Indicators as a Technology of Global Governance
Kevin E. Davis, Benedict Kingsbury, Sally Engle Merry
New York University School of Law
The use of indicators is a prominent feature of contemporary global governance. Indicators are produced by organizations ranging from public actors such as the World Bank or the US State Department, to NGOs such as Freedom House, to hybrid entities such as the Global Fund, to private sector political risk rating agencies. They are used to compare and rank states for purposes as varied as deciding how to allocate foreign aid or investment and whether states have complied with their treaty obligations. This article defines the concept of an “indicator”, describes how indicators have recently been used in global governance, and identifies various ways in which the use of indicators has the potential to alter the nature of global governance. Particular attention is paid to how reliance on indicators affects the authority and contestability of decisions. The United Nations Human Development Index and the World Bank Doing Business indicators are analyzed as case studies.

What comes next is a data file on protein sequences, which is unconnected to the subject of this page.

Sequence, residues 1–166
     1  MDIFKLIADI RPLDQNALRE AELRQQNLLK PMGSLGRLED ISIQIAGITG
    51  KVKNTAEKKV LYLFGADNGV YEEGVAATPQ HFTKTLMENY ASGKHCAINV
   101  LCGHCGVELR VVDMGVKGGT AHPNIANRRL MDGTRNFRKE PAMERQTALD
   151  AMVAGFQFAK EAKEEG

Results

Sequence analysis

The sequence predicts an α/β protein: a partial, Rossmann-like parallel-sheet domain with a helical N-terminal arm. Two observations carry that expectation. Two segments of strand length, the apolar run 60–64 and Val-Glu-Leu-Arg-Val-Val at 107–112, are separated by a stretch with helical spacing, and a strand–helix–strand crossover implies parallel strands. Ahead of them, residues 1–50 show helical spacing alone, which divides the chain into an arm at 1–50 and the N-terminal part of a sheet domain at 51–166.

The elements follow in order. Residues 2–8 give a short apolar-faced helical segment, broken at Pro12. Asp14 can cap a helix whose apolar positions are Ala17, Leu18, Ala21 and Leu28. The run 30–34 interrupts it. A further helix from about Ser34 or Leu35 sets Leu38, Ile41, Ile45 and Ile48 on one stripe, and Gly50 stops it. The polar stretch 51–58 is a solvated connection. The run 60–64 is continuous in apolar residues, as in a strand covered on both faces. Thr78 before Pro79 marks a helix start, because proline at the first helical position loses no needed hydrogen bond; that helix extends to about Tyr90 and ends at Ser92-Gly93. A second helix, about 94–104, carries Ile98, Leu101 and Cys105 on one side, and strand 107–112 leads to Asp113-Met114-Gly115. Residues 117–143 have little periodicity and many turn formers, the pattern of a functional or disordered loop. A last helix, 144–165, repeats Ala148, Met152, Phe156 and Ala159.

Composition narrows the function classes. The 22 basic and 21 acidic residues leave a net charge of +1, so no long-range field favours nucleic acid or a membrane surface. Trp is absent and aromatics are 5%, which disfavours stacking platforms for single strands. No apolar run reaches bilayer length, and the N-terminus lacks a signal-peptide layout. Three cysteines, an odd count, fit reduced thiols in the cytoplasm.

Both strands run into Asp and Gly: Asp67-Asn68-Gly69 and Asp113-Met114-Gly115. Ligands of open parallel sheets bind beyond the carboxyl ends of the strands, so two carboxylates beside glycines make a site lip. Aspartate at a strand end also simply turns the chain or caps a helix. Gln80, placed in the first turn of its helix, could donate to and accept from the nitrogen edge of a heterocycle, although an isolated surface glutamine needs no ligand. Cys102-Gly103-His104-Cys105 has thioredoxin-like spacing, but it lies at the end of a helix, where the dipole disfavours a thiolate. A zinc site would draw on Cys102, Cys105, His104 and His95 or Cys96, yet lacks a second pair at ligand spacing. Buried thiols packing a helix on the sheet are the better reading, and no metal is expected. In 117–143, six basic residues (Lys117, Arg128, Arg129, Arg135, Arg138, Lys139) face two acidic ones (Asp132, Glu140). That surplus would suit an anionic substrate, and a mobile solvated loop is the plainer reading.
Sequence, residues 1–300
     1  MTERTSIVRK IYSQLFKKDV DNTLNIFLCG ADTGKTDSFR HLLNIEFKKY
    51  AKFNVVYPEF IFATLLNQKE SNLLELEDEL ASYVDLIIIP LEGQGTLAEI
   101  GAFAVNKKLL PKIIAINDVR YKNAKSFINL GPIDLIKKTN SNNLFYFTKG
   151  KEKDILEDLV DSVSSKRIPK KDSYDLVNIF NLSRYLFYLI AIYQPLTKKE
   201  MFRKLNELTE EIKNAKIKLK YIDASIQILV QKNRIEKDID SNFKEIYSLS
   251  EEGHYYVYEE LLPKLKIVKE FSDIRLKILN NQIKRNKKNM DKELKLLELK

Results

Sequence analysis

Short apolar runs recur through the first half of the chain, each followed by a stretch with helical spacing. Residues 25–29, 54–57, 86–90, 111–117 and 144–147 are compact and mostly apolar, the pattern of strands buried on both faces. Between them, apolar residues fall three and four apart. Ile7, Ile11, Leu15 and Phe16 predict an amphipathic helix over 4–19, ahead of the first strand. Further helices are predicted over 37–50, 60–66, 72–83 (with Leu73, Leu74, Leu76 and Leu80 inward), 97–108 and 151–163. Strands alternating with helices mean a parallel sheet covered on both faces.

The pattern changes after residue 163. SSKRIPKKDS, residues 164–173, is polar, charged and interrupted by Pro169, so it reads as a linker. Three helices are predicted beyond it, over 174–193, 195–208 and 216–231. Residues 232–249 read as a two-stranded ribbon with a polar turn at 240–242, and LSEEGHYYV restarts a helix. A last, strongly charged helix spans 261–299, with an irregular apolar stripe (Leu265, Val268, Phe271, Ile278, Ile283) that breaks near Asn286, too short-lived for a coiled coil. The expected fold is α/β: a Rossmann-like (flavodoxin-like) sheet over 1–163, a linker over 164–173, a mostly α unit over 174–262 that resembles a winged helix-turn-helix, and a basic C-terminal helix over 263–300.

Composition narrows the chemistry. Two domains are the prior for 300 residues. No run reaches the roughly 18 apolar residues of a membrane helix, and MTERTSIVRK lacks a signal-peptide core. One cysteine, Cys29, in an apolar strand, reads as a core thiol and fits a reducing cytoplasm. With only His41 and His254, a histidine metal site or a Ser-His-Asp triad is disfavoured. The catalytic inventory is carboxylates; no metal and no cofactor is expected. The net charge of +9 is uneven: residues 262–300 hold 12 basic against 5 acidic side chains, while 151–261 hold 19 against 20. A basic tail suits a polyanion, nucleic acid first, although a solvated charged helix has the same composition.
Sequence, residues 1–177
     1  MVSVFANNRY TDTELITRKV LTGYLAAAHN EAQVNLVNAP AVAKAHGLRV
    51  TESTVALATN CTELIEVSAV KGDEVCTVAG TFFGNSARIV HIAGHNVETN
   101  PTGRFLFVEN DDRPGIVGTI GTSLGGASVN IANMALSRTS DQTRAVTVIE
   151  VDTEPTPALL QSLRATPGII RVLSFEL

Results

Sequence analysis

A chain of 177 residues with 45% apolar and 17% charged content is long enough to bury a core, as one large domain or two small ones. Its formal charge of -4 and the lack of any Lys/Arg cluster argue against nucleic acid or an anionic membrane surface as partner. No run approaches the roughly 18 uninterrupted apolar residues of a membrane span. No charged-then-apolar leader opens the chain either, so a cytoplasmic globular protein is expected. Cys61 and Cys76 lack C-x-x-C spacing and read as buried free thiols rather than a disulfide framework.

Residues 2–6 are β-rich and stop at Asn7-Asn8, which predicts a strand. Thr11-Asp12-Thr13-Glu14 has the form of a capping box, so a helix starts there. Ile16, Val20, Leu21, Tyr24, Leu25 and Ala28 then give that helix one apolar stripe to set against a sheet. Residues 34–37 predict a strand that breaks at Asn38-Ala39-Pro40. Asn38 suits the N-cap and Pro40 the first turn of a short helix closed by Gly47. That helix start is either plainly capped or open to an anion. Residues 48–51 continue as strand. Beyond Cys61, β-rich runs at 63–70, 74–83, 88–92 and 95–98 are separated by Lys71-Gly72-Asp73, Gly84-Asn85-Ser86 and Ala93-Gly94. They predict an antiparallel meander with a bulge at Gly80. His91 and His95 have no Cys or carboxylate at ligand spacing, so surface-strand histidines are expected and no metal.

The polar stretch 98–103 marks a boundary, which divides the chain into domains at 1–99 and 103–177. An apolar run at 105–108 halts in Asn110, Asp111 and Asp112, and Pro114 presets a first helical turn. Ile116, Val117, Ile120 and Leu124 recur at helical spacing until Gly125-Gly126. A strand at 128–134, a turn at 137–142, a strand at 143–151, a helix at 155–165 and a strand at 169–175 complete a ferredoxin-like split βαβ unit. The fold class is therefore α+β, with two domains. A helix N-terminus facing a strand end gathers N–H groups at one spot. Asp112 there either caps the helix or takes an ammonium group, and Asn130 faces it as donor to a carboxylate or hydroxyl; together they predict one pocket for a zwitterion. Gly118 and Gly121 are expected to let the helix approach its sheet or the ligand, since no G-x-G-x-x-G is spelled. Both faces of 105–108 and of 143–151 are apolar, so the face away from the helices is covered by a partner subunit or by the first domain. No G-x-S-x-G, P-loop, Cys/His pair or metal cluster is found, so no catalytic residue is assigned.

NOTE: This paper was revised in August 2011. For the revised version, click here.
Original 2010 version: